Like many boys, Brent dreamed of excelling at sports and of one day representing New Zealand. He played cricket and rugby, but found his niche in table tennis. At age fifteen Brent traveled to a tournament in Auckland, where they were billeted at the home of a table tennis coach. The coach groomed Brent and then sexually abused him. Brent froze in terror, a biological reaction, but one that would plague him with self-blame for many years.
The next day, Brent roamed the streets of Auckland. Stunned and confused, he saw no option other than to stoically suppress what had happened. It would be 24 years before he reported it to the police.
Brent dreamed of meeting the right girl. He wanted a family. But as a young man he drank a lot and had many short term relationships. He never connected his reluctance to trust to what the coach had done to him, to the betrayal of his trust.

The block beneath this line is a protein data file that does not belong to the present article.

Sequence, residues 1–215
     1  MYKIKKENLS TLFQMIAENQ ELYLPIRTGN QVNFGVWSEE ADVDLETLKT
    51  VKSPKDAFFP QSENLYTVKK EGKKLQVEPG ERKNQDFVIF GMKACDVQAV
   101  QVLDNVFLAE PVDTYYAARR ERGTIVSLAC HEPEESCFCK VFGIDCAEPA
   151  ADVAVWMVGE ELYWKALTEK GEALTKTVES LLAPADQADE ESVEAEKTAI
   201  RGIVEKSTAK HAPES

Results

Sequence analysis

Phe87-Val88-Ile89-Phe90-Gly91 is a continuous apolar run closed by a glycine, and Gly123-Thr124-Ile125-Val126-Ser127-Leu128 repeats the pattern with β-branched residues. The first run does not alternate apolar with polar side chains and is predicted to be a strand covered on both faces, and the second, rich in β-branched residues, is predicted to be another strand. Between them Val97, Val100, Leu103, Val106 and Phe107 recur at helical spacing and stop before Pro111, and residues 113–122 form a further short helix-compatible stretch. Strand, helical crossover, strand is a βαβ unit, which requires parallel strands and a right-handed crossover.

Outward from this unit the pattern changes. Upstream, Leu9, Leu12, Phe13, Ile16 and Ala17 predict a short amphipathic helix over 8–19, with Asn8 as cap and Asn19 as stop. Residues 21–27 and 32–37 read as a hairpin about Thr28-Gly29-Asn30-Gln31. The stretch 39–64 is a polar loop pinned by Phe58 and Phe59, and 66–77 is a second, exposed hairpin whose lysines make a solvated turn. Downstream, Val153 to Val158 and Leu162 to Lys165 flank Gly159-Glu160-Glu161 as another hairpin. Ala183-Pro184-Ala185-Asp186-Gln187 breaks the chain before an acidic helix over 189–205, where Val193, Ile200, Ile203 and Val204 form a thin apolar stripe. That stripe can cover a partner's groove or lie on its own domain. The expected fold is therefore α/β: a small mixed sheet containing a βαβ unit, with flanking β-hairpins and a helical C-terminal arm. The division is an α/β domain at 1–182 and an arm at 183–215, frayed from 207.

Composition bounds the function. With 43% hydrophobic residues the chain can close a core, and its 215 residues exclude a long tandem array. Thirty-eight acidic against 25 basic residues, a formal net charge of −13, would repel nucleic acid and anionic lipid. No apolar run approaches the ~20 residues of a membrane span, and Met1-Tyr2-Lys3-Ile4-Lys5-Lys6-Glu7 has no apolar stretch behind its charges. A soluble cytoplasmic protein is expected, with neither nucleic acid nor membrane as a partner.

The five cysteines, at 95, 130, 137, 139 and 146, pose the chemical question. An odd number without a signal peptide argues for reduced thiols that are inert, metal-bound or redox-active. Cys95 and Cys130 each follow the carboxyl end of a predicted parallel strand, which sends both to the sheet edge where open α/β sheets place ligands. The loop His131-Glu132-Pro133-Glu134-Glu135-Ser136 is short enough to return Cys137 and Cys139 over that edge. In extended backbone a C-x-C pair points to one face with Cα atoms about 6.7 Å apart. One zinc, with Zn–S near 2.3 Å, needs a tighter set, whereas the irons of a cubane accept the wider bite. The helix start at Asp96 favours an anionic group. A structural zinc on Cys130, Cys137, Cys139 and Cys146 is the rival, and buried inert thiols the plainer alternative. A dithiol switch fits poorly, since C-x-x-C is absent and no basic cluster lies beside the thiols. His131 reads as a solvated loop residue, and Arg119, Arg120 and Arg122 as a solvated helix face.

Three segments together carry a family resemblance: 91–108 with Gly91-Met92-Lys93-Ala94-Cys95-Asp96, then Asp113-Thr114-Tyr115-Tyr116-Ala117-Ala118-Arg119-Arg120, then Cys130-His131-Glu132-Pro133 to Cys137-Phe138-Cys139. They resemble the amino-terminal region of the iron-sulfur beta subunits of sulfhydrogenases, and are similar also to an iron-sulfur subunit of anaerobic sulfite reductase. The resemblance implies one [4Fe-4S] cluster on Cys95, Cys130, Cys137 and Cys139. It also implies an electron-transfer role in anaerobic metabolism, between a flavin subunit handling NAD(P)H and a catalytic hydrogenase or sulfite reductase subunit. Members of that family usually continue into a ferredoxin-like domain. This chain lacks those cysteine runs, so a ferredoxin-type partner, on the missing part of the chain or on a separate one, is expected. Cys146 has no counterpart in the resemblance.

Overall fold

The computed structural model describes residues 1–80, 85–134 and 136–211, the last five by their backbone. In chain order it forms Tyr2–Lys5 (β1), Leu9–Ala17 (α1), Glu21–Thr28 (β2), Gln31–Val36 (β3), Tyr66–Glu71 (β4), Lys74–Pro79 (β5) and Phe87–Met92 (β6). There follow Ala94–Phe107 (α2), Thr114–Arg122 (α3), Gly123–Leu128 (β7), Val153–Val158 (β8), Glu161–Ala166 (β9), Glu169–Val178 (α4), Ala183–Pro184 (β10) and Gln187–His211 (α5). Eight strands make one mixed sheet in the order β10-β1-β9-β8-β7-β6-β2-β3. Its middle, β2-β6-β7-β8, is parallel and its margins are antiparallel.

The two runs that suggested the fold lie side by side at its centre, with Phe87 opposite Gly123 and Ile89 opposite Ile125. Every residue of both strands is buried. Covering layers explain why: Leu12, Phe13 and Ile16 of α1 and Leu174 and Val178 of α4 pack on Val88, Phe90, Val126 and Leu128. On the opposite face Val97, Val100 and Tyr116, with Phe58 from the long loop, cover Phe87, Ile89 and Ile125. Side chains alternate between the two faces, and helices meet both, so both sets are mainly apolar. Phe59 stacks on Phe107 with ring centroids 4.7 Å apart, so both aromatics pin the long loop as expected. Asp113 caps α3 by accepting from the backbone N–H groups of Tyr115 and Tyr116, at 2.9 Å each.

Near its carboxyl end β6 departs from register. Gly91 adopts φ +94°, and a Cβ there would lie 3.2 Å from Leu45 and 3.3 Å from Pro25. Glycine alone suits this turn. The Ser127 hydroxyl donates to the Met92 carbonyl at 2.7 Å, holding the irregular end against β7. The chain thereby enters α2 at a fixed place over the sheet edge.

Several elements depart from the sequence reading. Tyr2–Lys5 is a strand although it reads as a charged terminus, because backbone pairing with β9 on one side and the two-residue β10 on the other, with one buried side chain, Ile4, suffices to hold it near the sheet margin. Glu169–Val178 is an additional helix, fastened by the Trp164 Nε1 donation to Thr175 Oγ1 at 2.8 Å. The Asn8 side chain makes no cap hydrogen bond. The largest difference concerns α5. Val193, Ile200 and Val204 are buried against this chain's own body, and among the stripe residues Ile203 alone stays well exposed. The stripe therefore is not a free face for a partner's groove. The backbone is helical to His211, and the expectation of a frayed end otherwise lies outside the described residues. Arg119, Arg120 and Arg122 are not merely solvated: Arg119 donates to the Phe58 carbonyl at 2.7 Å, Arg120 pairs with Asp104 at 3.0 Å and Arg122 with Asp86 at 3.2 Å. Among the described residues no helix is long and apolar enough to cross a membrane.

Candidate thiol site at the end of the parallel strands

He found work in an apple orchard. More importantly he found a mentor in the owner’s father, a decorated WWII veteran, whose steadfastness has rubbed off onto Brent.
By his 30’s, the pressure from suppressing what had happened to him was unbearable. The man who abused him had become even more entrenched in the table tennis community, and Brent realized that he endangered other children. So he went to the police. He endured two years of delay as the police investigation proceeded, and it was grueling. But Brent endured. Another man who had been abused by the coach came forward, and the coach was convicted.
Brent kept a meticulous diary throughout the legal process, analyzing his own thoughts and emotions, and also his experience with the criminal justice system. He plans to use that experience to help other survivors, and perhaps even to improve the system itself.
“I was just watching from behind the scenes, but again it never crossed my mind to come forward… I guess I always [felt] like I was responsible for it.”